Suicide bombers kill 13 in Baghdad

042207iraq.jpgTwo suicide car bombers attacked a police station Sunday in western Baghdad, police said, killing at least 13 people and turning nearby buildings into piles of rubble.

The violence underscored Prime Minister Nouri al-Maliki’s efforts to win Arab support for his struggling government on a four-nation tour around the region.

A man who was among the 82 wounded in Sunday’s attack staggered through the wreckage.

“All our belongings and money were smashed and are gone. What kind of life is this? Where is the government?” he asked. “There are no jobs, and things are very bad. Is this fair?”

The first driver raced through a police checkpoint guarding the station and exploded his vehicle just outside the two-story building, police said. Moments later, a second suicide car bomber aimed at the checkpoint’s concrete barriers and exploded just outside them, police said.

The blasts collapsed nearby buildings, smashing windows and burying at least four cars under piles of concrete. Metal roofs were peeled back by the force of the explosions. Pools of blood made red mud of a dusty driveway.

Iraqi police stations often are the target of attacks by insurgents who accuse the officers of betraying Iraq by working in cooperation with its U.S.-backed Shiite government and the American military.

The blasts occurred at about 10 a.m. in Baiyaa, a mixed Sunni-Shiite area of western Baghdad, a policeman said on condition of anonymity because he was not authorized to talk to the media.

He said 13 people died — five policemen and eight civilians — and that 82 were wounded: 46 policemen and 36 civilians. Black smoke billowed up into the sky and ambulances raced to the location with sirens wailing.

A top U.S. general said Sunday that American forces had no technology capable of detecting all suicide bombers before they strike. Lt. Gen. Martin Dempsey, who is in charge of training Iraqi troops, said the only solution is for Iraqi forces, government officials and civilians to work together to stop the terrorist cells planning attacks.

“There is no technological solution that will guarantee that we can prevent … either a suicide bomber or a suicide car bomber from entering into the populated areas,” Dempsey told reporters in Baghdad’s Green Zone.

The bombings in Baiyaa also damaged homes and auto repair shops near the police station. At least two mechanics were wounded by shrapnel and debris.

“I was thrown outside my shop by the huge blast, and I saw my colleague in the shop next to me lying on the ground motionless, with pool of blood beneath him,” said Anmar Abdul Hadi, 20.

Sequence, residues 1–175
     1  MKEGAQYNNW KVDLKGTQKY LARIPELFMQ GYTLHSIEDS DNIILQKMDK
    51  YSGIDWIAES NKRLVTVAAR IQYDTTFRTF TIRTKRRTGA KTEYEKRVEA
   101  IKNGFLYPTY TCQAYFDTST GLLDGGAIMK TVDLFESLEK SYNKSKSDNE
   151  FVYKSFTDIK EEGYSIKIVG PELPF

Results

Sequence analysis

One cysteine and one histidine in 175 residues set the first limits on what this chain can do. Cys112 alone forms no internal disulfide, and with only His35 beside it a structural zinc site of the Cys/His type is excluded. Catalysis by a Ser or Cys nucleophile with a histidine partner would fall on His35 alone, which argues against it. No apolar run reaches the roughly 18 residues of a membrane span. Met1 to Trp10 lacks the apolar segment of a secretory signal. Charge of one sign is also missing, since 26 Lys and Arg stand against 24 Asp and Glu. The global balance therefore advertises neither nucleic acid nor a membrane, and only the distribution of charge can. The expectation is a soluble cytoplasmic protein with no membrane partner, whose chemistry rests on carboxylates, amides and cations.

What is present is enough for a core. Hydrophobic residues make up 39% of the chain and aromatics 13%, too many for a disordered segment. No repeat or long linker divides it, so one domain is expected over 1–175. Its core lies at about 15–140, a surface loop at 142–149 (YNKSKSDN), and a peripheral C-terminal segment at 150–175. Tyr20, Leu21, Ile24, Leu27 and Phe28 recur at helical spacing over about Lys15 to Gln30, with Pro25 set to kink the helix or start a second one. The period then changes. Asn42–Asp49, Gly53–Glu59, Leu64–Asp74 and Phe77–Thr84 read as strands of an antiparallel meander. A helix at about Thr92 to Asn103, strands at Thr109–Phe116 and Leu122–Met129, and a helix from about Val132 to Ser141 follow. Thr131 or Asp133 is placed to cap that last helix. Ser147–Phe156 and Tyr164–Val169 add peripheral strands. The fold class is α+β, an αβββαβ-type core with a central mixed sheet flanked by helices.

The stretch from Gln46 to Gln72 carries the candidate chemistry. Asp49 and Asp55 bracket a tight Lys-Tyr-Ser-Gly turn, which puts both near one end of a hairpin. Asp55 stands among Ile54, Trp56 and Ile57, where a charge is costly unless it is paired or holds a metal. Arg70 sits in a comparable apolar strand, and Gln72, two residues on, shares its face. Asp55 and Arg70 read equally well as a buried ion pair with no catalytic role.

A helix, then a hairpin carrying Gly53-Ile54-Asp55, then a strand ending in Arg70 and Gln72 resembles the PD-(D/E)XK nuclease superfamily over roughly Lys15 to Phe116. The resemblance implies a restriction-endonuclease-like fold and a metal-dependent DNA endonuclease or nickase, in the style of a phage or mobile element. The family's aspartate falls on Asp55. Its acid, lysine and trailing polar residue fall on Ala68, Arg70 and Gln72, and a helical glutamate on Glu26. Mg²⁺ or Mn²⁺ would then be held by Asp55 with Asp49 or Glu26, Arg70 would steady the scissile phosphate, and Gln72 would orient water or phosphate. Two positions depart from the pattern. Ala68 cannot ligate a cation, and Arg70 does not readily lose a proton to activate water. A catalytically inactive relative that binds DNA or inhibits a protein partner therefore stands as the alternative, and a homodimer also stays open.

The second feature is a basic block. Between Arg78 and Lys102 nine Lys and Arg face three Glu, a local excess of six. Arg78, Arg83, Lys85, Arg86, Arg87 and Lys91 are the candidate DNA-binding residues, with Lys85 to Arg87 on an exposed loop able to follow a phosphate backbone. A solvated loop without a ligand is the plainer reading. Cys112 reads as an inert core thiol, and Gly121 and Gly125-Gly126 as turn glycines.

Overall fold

Another car repairman, 25-year-old Mohammed Abdul-Hussein, said: “I heard two explosions and was thrown near the car I was working on. Smoke filled the area and I couldn’t see my fellow workers at first.” He suffered a shoulder wound.

In addition to Baiyaa police officers, the station had been serving as the temporary headquarters for police from Dora, a neighborhood in southern Baghdad. Last month, a suicide truck bomber demolished the Dora station, killing at least 11 people.

In other violence, a former member of Saddam Hussein’s Baath Party was gunned down near his house in Fallujah, police said.

In Suwayrah, 25 miles south of Baghdad, three bodies were found floating in the Tigris River, blindfolded with the hands bound, and gunshots in the head and chest, said morgue official Maamoun al-Ajili.

In Basra, Iraq’s second largest-city, 340 miles southeast of Baghdad, the British military said a suspect accused of attacks on British and Iraqi troops in the area was killed in a raid. Two of the man’s brothers were arrested, a spokeswoman said.

Details emerged Sunday about a mortar attack the day before inside Baghdad’s U.S.-guarded Green Zone. A spokesman for Ahmed Chalabi, who runs the Supreme National Commission for de-Baathification, said a mortar round landed on Chalabi’s office, which was empty at the time. No one was harmed.

Al-Maliki’s trip abroad, which began Sunday in Egypt, came at a precarious time for his regime. He suffered a blow last week when six Cabinet ministers allied to the radical Shiite cleric Muqtada al-Sadr quit the government, to protest the prime minister’s failure to back calls for a timetable for the withdrawal of U.S. forces. Al-Maliki is expected to name replacements in the coming days.

The Iraqi met privately for 45 minutes with President Hosni Mubarak. Neither side commented about what was discussed.

After Egypt, al-Maliki is scheduled to visit Kuwait, the United Arab Emirates and Oman.

Copyright © 2007 The Associated Press

Comments are closed.